Finally, I look at these young men coming claiming to be refugees, and ask, for a religion that allows plural marriage, where are the women and children? All does not seem right here. I have a gut feeling that we are being lied to. But is that any reason to stop the flood or poor oppressed people? Surely there are some oppressed people among the refugees, even if there are also terrorists. Our nation is built on oppressed people seeking sanctuary, so how can we turn them away? More importantly, Jesus said, Verily I say unto you, Inasmuch as ye have done it unto one of the least of these my brethren, ye have done it unto me. (Matthew 25:40). Must we take that risk? I certainly don’t have an answer.

So I ask myself, what if some group in the USA decided to be radical and kill all Christians? Hey, it may happen in the not so far future at the rate we are going. Would I just die a martyr? Would I even be so strong in my faith? I hope so. I pray so. If I decided to leave the USA for somewhere else, wouldn’t I want there to be a country open to me?

After much prayer, and soul searching, I said, no. I wouldn’t leave. I would stay right here. I would stay because this is my home. I would stay because I should fix the place where I lay my head for my children and their children. I would stay because America preaches tolerance of all religions. I would stay, perhaps because as my Amish friends say, I am too proud, but nonetheless I would stay…

My children are grown, so I may have a different thought if they were young, but I think everyone has a love of the place they call home. Everyone wants that place to be safe. I will continue to pray, and I will continue to offer aid as I can to the people in their own countries. When my Christian friends say to me, ‘How can you turn away these innocents?” I can answer with a clear conscience. I can say, first, USA is a land of tolerance. If they are not tolerant, I feel no need to let them into our country to kill us or corrupt our youth. Furthermore, I feel the best help to them is to help them in their own lands, and finally and most importantly, pray. Pray without ceasing. The Lord said, “My Father will give you whatever you ask in my name (John 16:23). We are asking Lord, because I think many Christians, like myself are unsure how to answer this challenge.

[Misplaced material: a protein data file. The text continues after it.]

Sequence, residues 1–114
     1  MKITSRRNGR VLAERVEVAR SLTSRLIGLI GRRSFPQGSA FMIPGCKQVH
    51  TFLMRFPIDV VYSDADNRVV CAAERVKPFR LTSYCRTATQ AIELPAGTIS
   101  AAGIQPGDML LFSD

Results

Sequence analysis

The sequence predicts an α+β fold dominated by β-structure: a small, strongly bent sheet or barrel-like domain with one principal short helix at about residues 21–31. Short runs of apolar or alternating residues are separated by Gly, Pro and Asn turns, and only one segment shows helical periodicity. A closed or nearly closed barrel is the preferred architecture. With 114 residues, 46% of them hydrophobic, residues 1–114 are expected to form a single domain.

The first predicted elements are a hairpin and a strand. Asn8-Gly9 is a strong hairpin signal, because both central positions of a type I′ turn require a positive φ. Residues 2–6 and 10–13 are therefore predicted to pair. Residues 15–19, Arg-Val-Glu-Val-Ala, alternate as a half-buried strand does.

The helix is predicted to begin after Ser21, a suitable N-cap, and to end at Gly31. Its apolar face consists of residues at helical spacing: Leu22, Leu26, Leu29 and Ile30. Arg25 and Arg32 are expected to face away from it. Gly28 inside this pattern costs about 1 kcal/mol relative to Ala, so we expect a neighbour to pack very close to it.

Truly, I think the BEST thing we can do is pray. Put this terrible situation in God’s hands. My more secular friends throw up their hands and scowl at me as if prayer is NOTHING. We, as Christians, know that prayer is no small help. It is a BIG help in the form of our God. Please join me in prayer for our leaders and for the situation in the Middle East.

I do not want to make you change your mind, or challenge political ideas, or minimize the current threat. I just feel that thinking people must consider that these people may only be looking for a place to live peacefully, like our own forefathers. If they move in beside me—a real possibility in Pennsylvania—then I will treat them with tolerance as a US citizen. As a Christian, I will share Christ’s word. All the while, my heart goes out to the obvious innocent lambs among these wolves. There is no good answer in man’s mind, only the mind of God knows the plan. Come Lord Jesus.

Please share your thoughts and prayers.

Arwilda

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About Arwilda Allshouse

Arwilda Allshouse is the author of the number one rated Amish Romance Fiction novel: Sadie and Samuel Collection.

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603 Anderson Road, Enon Valley, PA 16120